The U.S. Patent and Trademark Office (USPTO) has ruled that “Redskins” is disparaging to Native Americans, and has cancelled the federal protections for associated trademarks, pending any possible appeals.
That decision came in response to a challenge by Native American groups in Blackhorse v. Pro Football, Inc.
"Based on the evidence presented by the parties and on applicable law, that the Blackhorse petitioners carried their burden of proof. By a preponderance of the evidence, the petitioners established that the term 'Redskins' was disparaging of Native Americans, when used in relation to professional football services, at the times the various registrations involved in the cancellation proceeding were issued," USPTO said.
The decision does not mean that the football team has to change its name or stop using the trademarks at issue. But it does mean that it loses the legal presumption of ownership, the ability to use the registration symbol, or to be able to get the Customs and Border Patrol service to block importation of counterfeit goods into the country.
Cancelling the registration does not mean it can't be used, only that it loses government protection. The trademark owner may also still retain "use" rights under common law. "This decision concerns only the statutory right to registration under Section," said USPTO. "We lack statutory authority to issue rulings concerning the right to use trademarks
The NFL can appeal the decision in court, as it did an earlier finding by the USPTO that the marks were disparaging.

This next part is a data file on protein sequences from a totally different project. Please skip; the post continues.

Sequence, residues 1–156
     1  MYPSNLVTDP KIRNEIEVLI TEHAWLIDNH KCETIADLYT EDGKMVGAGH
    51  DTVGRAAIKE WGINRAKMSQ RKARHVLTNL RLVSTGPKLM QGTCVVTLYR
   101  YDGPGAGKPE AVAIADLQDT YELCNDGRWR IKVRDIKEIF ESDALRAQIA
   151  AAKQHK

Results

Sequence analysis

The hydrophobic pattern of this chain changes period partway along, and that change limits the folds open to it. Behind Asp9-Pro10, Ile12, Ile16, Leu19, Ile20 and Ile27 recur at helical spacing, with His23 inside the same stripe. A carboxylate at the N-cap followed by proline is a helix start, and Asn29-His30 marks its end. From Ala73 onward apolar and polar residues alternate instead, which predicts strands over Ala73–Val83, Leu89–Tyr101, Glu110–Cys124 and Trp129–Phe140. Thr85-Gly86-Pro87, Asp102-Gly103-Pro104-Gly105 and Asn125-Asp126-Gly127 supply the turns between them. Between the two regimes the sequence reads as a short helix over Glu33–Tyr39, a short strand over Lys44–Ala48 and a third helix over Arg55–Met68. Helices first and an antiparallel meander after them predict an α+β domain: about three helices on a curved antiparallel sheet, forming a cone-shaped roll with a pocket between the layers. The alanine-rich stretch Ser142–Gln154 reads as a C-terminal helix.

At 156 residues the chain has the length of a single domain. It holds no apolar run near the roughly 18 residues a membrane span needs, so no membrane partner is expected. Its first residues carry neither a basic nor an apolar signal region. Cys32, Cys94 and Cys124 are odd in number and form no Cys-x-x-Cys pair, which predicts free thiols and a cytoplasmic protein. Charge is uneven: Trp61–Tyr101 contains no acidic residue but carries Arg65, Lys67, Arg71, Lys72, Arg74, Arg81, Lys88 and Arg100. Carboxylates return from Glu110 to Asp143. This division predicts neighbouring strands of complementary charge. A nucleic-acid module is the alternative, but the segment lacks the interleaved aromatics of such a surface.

Redskins owner Daniel Snyder has said he would not change the name, even as pressure mounted from Congress and elsewhere.
The Redskins attorney, Bob Raskopf, signaled the team would be appealing the decision.
"We are confident we will prevail once again," said Raskopf, "and that the Trademark Trial and Appeal Board’s divided ruling will be overturned on appeal. This case is no different than an earlier case, where the Board cancelled the Redskins’ trademark registrations, and where a federal district court disagreed and reversed the Board. As today’s dissenting opinion correctly states, 'the same evidence previously found insufficient to support cancellation' here 'remains insufficient' and does not support cancellation."
Raskopf said the team would be able to continue to protect its marks without registration. "The registrations will remain effective while the case is on appeal. When the case first arose more than 20 years ago, a federal judge in the District of Columbia ruled on appeal in favor of the Washington Redskins and their trademark registrations. Why? As the district court’s ruling made clear in 2003, the evidence is insufficient to conclude that during the relevant time periods the trademark at issue disparaged Native Americans," he said.
"The court continued. 'The Court concludes that the [Board’s] finding that the marks at issue ‘may disparage’ Native Americans is unsupported by substantial evidence, is logically flawed, and fails to apply the correct legal standard to its own findings of fact.' Those aren’t my words. That was the court’s conclusion. We are confident that when a district court review’s today’s split decision, it will reach a similar conclusion."
Contributing editor John Eggerton has been an editor and/or writer on media regulation, legislation and policy for over four decades, including covering the FCC, FTC, Congress, the major media trade associations, and the federal courts. In addition to Multichannel News and Broadcasting + Cable, his work has appeared in Radio World, TV Technology, TV Fax, This Week in Consumer Electronics, Variety and the Encyclopedia Britannica.
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